Once she fell for dance, there was no going back. “Those first two and a half years were intense because I was focused on training, training, training,” Amber says. Her background as an athlete gave her the drive to keep going: “I’m competitive. I’m driven to do the things I love, and do them well.”
The Next Step
Midway through high school, Amber transferred from Ballethnic to DanceMakers of Atlanta, both to study other dance forms and to compete. “Amber came to us a well-trained ballet dancer who didn’t know how to move yet,” says Denise Heard-Latimer, co-owner of DanceMakers. “We wanted to loosen her up.” Before long, Amber hit her stride. “She had a style that made her stand out,” Heard-Latimer says. “She could take steps that were given to everyone and make them look unique.”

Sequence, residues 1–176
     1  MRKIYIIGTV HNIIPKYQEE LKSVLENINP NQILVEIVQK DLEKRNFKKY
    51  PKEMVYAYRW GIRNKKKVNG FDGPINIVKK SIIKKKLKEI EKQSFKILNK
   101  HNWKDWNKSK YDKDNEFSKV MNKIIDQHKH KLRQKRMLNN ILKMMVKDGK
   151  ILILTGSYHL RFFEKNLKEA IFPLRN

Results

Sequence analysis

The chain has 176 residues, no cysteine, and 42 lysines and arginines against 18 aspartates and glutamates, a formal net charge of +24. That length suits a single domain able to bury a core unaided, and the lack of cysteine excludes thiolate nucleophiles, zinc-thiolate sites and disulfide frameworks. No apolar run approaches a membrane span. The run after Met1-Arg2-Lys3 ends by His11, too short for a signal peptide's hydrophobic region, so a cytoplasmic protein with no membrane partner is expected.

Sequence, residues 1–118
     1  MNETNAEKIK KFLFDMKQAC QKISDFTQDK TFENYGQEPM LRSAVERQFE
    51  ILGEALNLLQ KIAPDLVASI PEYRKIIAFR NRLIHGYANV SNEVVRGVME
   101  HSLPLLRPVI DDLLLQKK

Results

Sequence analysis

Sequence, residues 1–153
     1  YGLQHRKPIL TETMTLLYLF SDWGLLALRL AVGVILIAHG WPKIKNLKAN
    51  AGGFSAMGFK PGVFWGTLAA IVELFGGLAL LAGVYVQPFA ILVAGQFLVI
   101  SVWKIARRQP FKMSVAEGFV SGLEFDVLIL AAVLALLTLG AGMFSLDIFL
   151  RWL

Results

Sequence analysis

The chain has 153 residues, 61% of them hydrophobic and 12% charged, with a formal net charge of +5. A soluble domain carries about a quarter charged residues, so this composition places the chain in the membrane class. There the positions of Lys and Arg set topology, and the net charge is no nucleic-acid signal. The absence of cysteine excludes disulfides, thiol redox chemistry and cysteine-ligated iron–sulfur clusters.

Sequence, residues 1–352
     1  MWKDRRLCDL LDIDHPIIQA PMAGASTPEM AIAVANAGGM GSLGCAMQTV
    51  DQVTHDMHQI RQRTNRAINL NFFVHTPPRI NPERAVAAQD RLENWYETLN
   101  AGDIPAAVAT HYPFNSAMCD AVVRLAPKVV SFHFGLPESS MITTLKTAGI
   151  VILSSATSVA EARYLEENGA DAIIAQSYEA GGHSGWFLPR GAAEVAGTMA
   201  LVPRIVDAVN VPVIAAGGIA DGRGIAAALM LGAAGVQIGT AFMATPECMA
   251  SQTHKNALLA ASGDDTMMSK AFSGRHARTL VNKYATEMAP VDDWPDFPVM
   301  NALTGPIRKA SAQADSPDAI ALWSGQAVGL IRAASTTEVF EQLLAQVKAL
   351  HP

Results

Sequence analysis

That technique and movement quality served her well at competitions, including New York City Dance Alliance, where she won National Senior Outstanding Dancer in 2008. “Amber has a regality and elegance about her,” says NYCDA executive director Joe Lanteri. “You see it when you watch someone like Judith Jamison or Desmond Richardson—a particular presence. It’s effortless, it’s beautiful and it’s completely natural.”
Amber says Lanteri, who watched her develop over several years of competitions and intensives, “saw something in me that I didn’t see in myself. NYCDA was a life-changing experience. These teachers—Joe Lanteri, Suzi Taylor—were on my case, and I realized, if they saw something in me, I shouldn’t waste it.”
Finding Her Voice